Testing for Yourself

 
 
By Jason Brooks  |  Posted 2009-01-13 Print this article Print
 
 
 
 
 
 
 


 

Testing for Yourself

Once you have defined your needs, have set your expectations and have discussed these matters with the prospective SAAS providers, it's important to test the SAAS services for yourself, beginning with demo accounts and input from a group of relevant users on how the application performance meets their needs.

Beyond the anecdotal accounts of application performance and availability from the pilot group members, some SAAS services, such as Service-now.com, include page render time counters somewhere on their application screens, which can help quantify the transaction times these applications deliver, both initially during the evaluation of the service and moving forward.

There are also some services, such as TrustSaas.com and Pingdom.com, that keep tabs on SAAS services and offer reports on the uptime of these services, independent of what the vendor has to say about itself.

Simple uptime checks tell part of the story, but to get a more detailed view of SAAS performance, you can turn to products such as Keynote's Keynote Internet Testing Environment, or KITE, with which you can create interaction scripts that encapsulate the sort of work you do with your SAAS applications, and test the applications' performance both from within your network and from certain points of presence that Keynote maintains. For more on KITE, see my review here.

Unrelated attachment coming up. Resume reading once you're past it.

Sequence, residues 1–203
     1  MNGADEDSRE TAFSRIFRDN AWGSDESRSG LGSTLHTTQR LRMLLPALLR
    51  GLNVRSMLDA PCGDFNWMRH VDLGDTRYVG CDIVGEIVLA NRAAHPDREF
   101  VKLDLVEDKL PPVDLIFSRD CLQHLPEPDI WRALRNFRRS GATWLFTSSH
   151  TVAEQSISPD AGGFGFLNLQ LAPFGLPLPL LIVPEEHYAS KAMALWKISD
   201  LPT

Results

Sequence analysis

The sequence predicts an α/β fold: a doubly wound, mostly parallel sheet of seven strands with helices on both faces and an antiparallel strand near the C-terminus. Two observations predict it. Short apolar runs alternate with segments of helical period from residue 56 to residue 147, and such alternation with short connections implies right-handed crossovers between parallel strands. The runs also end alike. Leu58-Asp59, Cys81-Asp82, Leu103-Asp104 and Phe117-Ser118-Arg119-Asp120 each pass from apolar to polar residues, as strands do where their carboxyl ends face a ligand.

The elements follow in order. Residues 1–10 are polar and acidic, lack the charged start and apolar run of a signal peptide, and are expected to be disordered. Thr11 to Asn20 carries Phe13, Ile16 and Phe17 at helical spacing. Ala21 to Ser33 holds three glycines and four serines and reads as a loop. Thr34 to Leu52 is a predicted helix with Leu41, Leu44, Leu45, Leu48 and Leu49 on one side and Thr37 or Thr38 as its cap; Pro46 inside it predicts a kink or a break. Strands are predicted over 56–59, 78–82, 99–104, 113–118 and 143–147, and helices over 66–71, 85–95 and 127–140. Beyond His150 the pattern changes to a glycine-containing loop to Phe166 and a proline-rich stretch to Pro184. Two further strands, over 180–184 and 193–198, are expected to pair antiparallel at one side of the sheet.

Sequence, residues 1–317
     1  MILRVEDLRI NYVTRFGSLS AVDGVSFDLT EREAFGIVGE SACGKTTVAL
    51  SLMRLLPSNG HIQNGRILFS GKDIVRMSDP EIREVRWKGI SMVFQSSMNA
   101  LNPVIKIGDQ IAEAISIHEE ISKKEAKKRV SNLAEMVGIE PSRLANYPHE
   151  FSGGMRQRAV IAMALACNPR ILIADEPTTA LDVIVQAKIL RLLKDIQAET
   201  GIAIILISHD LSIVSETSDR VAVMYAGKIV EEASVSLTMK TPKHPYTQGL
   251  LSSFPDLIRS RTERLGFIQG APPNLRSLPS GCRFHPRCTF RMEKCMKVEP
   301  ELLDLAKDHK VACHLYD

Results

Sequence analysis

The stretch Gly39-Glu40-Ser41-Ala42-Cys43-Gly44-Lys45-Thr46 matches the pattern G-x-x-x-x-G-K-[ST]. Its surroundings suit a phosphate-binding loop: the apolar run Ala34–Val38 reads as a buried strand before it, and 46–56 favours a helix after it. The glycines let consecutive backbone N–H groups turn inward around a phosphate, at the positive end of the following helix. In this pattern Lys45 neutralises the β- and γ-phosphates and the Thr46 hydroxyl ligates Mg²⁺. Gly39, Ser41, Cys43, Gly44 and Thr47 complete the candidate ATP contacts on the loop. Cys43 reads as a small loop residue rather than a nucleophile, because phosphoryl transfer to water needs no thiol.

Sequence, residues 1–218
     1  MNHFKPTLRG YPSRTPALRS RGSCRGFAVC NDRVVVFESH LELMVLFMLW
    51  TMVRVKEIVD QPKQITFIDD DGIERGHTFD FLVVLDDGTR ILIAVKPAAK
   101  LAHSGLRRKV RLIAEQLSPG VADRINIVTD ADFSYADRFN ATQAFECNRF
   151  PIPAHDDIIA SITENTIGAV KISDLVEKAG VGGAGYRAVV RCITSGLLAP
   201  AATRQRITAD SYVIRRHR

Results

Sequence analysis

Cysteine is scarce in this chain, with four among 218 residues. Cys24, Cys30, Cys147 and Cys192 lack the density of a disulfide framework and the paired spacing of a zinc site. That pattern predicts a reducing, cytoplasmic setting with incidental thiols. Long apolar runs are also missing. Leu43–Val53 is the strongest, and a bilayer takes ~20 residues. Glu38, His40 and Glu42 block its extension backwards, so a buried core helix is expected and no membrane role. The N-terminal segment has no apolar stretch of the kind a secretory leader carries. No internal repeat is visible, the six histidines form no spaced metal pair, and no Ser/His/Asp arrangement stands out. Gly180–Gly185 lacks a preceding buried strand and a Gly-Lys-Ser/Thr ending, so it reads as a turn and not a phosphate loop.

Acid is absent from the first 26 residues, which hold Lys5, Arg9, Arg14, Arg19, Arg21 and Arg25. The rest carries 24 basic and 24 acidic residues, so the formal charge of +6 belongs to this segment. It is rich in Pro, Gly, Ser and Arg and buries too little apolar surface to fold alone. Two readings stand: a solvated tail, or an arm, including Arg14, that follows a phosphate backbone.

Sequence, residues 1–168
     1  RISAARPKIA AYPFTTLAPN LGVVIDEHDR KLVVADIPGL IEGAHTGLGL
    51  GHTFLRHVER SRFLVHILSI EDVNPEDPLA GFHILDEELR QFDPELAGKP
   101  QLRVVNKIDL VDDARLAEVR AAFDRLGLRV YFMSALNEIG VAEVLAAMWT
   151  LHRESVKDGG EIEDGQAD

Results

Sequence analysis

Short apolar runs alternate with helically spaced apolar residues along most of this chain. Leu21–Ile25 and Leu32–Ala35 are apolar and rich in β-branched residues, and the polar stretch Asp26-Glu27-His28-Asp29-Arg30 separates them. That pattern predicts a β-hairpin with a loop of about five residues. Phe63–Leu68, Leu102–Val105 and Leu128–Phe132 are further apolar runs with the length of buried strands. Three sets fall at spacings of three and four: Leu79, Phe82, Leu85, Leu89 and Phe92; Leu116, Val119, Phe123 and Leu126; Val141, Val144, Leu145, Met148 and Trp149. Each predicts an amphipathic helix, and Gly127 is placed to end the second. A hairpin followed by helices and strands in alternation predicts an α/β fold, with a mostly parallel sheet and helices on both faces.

Labs Executive Editor Jason Brooks can be reached at jbrooks@eweek.com.

 


 
 
 
 
As Editor in Chief of eWEEK Labs, Jason Brooks manages the Labs team and is responsible for eWEEK's print edition. Brooks joined eWEEK in 1999, and has covered wireless networking, office productivity suites, mobile devices, Windows, virtualization, and desktops and notebooks. JasonÔÇÖs coverage is currently focused on Linux and Unix operating systems, open-source software and licensing, cloud computing and Software as a Service. Follow Jason on Twitter at jasonbrooks, or reach him by email at jbrooks@eweek.com.
 
 
 
 
 
 
 

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